I understand when political types attack their opponents by stating or implying they aren’t very bright. It’s a way of undermining public confidence in the person, a la Vice President Dan Quayle and Alaska Governor Sarah Palin. Hence, as a presidential candidate President Bush was vilified because he earned a C in college, or maybe had a C average at one point–I don’t recall the precise details. Never mind that the college happened to be Yale and most of the people in the US couldn’t even get into that school, never mind pass a single course.
The troubling thing is, that strategy seems to be spreading from politicians to evangelical Christians. And worse, evangelical Christians seem to be agreeing with the idea that evangelical Christians aren’t very bright. (Which begs the question: should we believe someone who isn’t very bright when he says he isn’t very bright? :roll: ) For example, in “Lots of Stupid Christians,” Dr. Coyle Neal says, “The example of Fundamentalism shows us one possible reason there are so few evangelical intellectuals.”
The distressing thing here is that “so few evangelical intellectuals” is treated as a given. But where are the data supporting such a statement?
And who defines “intellectual”? Are only PhD’s in philosophy considered intellectual?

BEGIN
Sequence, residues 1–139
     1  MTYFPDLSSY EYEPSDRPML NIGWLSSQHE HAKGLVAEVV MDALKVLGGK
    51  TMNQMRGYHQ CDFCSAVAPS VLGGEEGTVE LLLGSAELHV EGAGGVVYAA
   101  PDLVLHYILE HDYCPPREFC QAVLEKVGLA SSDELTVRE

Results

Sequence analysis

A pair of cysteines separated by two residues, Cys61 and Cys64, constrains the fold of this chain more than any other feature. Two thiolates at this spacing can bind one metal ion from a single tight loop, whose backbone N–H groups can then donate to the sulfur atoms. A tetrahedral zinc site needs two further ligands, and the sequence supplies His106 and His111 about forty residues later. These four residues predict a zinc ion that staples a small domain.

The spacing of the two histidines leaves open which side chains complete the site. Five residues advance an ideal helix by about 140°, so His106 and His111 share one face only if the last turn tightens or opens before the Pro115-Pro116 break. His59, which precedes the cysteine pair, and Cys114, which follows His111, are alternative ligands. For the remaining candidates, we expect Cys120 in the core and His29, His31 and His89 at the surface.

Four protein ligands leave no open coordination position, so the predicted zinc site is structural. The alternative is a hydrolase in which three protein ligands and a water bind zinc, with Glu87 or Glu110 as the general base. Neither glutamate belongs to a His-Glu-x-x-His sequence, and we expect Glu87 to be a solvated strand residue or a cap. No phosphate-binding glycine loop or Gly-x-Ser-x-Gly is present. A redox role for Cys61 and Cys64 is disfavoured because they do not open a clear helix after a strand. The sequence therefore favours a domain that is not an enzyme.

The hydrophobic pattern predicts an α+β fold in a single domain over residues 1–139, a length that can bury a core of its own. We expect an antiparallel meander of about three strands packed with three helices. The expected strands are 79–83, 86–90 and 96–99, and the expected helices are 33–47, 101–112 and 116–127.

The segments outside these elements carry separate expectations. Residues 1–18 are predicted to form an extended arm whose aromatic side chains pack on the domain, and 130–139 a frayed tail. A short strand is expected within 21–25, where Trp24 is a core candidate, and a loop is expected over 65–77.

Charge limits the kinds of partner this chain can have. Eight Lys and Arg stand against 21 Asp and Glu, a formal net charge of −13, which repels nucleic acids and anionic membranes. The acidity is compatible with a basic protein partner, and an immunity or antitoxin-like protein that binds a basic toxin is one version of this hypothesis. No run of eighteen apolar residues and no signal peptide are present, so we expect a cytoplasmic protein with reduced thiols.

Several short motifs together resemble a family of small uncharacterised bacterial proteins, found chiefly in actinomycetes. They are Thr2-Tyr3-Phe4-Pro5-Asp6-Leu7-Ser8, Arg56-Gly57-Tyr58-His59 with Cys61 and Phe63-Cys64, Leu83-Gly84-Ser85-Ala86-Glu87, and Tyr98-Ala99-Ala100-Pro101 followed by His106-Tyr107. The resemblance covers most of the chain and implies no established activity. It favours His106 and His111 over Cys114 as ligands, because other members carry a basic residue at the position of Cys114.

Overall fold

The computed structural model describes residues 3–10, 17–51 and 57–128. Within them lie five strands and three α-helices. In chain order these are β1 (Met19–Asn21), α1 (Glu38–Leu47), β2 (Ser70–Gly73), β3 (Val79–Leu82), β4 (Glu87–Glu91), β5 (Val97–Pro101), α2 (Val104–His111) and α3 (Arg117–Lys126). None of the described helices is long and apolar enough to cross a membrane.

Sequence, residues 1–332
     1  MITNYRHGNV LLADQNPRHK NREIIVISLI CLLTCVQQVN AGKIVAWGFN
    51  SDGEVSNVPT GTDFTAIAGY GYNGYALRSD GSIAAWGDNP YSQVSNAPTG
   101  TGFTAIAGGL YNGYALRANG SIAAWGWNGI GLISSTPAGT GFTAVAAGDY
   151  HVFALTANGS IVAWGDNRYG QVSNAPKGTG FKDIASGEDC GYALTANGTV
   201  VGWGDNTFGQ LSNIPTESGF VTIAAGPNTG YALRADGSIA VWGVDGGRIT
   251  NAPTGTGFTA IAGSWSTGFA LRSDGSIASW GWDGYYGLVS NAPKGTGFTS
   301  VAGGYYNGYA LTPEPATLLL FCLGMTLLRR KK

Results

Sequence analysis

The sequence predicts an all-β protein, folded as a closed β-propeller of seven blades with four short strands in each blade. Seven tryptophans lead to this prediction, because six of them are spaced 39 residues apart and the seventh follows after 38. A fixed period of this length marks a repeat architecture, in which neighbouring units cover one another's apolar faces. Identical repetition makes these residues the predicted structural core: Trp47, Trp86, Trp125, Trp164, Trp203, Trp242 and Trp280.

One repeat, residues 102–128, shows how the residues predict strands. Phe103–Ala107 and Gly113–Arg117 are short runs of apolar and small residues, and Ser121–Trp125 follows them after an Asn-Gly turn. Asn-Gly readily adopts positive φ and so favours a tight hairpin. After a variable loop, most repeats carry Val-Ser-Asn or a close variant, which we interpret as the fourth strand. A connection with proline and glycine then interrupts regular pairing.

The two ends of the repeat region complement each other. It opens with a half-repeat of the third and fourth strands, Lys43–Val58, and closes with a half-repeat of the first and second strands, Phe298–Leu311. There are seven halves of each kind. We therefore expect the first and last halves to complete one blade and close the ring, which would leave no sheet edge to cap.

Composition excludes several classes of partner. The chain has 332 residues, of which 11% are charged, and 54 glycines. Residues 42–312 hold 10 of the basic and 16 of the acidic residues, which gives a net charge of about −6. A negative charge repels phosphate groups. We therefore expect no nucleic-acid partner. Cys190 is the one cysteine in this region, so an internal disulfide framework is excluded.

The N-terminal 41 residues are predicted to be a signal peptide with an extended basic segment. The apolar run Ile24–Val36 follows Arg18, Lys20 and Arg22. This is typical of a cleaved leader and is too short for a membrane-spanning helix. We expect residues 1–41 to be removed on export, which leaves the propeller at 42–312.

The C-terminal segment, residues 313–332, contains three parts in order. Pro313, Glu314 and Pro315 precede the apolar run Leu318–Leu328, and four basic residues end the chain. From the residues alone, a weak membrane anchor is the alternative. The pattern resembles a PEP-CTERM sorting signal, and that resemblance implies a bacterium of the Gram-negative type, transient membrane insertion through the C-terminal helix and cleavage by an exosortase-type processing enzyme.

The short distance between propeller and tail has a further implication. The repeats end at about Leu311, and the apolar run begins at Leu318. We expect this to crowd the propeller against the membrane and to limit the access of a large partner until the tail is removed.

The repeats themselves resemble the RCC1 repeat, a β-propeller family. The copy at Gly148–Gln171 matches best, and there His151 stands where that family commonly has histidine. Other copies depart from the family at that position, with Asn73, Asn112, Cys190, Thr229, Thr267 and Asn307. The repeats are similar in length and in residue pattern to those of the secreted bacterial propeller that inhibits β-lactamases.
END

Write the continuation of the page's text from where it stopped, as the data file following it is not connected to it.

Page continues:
What’s particularly galling to me is the complete dismissal of theologians as part of the intellectual community. I suspect atheists such as Richard Dawkins, Stephen Hawking, and the late Christopher Hitchens would be included on a list of intellectuals, but why not men like William Craig Lane, Ravi Zacharias, and Alister McGrath who debate those atheists?
Why not John Piper or R.C. Sproul, Kevin DeYoung or Francis Chan who study Scripture and look at culture through the lens of theology? Why wasn’t the late Professor Howard Hendricks or Dr. Clyde Cook considered an “intellectual”? Because they spent their time in seminaries and Christian universities?
And what about the likes of John MacArthur or Charles Swindoll, men who influenced evangelical Christianity a great deal these past forty years–are they not intellectual enough to be counted as intellectuals?
Then there are all the people living in towns and villages in Asia or Africa, speaking multiple languages, often translating from one to the other, understanding multiple cultures, and bringing a global view of God’s word to their work–are they not intellectuals because they don’t hob-nob with the rich and famous, they don’t lunch with politicians and media types?
If intellectuals must publish in a set of elite journals and expound on irrelevant arguments which the Apostle Paul saw as worthless, then sure, I’ll agree, there aren’t very many evangelical intellectuals. But really, if we’re talking about people who can speak to the cosmic issues of life, who know and understand how to frame an apologetic for the Christian faith, then thankfully, all these naysayers are wrong. The evangelical Christian intelligentsia is alive and well, thank you very much.